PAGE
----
Research projects

Evaluation of a psychological and educational intervention for fear of cancer recurrence: A cluster randomised controlled trial

Principal researchers

Professor Phyllis Butow1
Belinda Thewes1
Jane Turner 2
Jemma Gilchrist3
Afaf Girgis 4
Louise Sharpe,5
Melanie Bell1
Jane Beith 6
Cathy Mihalopoulos 7
Francis Boyle 8
Stephen Clarke 9
Madeleine King 10, 11
Alison Boyes 4
Geraldine Hill (consumer)
Dennis Armstrong, (consumer representative)10


1 University of Sydney
2 University of Queensland
3 Westmead Cancer Centre
4 Newcastle University
5 University of NSW
6 Royal Prince Alfred Hospital
7 Deakin University
8 Mater Hospital, NSW
9 Royal North Shore Hospital
10 PoCoG Joint consumer Advisory Group
11 Cancer Australia


$165,567 (total funding $496,702)

Co-funded with

Cancer Australia

Award type

Priority-driven Collaborative Cancer Research Scheme (PdCCRS)

Project completion year


Project brief

In 2004 there were approximately 655,000 cancer survivors in Australia who had been diagnosed with cancer during the previous 23 years. Research has shown that fear of cancer recurrence (FCR) is an almost ubiquitous experience for cancer survivors. Help for FCR is the most prevalent unmet need reported by cancer survivors in multiple studies, with up to 30 per cent of Australian cancer patients reporting a moderate to high unmet need for help with FCR.

For some survivors, FCR can be chronic and disabling. FCR is associated with increased anxiety, depression, stress-response symptoms and poorer quality of life. There is evidence that it is associated with both excessive use of and/or avoidance of self-examination and medical tests for secondary cancer. As a result, there is likely to be an excessive use of medical tests and surveillance and possible increased rates of secondary cancer due to avoidance of recommended tests. However, such economic costs have not yet been systematically evaluated. Despite a growing awareness of the prevalence and impact of FCR, there have been few interventions to help those affected by severe FCR to better manage their fears and engage in more appropriate forms of medical surveillance. To date, only one paper has described a psychological intervention specifically designed to reduce FCR amongst cancer survivors, and no data on its efficacy has been published. The research group has developed and piloted a new, theoretically grounded intervention for FCR which they plan to evaluate in this clustered randomised controlled trial (RCT).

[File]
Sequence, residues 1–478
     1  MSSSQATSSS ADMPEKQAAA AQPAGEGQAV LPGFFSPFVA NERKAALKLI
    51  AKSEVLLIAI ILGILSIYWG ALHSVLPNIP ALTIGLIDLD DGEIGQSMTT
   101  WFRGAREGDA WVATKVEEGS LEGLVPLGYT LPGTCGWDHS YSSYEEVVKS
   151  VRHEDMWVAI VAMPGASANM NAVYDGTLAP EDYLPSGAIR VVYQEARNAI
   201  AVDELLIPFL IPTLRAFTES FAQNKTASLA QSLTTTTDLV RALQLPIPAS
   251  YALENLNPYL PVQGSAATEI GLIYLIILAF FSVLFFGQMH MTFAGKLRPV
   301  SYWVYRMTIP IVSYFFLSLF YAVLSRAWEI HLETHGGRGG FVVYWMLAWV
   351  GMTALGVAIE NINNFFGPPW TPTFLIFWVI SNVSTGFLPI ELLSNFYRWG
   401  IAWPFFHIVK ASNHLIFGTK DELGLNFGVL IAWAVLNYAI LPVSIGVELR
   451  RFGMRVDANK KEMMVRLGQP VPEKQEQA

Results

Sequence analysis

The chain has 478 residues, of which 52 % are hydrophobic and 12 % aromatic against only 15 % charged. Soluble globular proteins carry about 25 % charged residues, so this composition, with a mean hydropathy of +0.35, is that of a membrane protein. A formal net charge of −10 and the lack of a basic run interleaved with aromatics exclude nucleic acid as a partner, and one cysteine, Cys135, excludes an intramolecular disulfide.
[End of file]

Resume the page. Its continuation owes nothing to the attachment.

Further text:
To evaluate the efficacy and cost efficacy of an intervention based on Meta-cognitive Therapy, Acceptance and Commitment Therapy and the Common Sense Model, in reducing the impact of FCR on disease-free cancer survivors with elevated FCR, compared to a relaxation timing control intervention.


Participants (N=324) will have had a diagnosis of early-stage breast or colorectal cancer, be aged 18 years or over and will have completed their hospital-based treatment at least two months prior to study entry. They will be disease-free, and report a score in the clinical range (13 or more) on the Severity Subscale of the Fear of Cancer Recurrence Inventory (FCRI). Recruitment will be via participating oncology clinics and community-based cancer services.

The intervention and control treatments will be delivered by 18 psychologists or psychiatrists working in hospital oncology clinics or cancer-specific community services across Australia.

Therapists will be randomised to deliver either the five-session FCR intervention, or a five-session generic relaxation training program. Fidelity to treatment protocols will be ensured by a number of methods including:

  • regular review of session checklists
  • therapist participation in monthly group supervision
  • recording of all therapy sessions with review of a random selection of recordings by members of the research team with feedback given where non-fidelity is identified.

Participants will complete baseline measures prior to the initial therapy session and follow-up measures immediately after completion of the intervention, then three months and six months later.

The proposed intervention has direct implications for the development of support services for cancer survivors both in Australia and internationally. Effective intervention for FCR will reduce psychological morbidity and improve quality of life (QoL) amongst cancer survivors with elevated FCR, and may reduce overall healthcare costs due to more appropriate use of follow-up care and other health services in this very large population.

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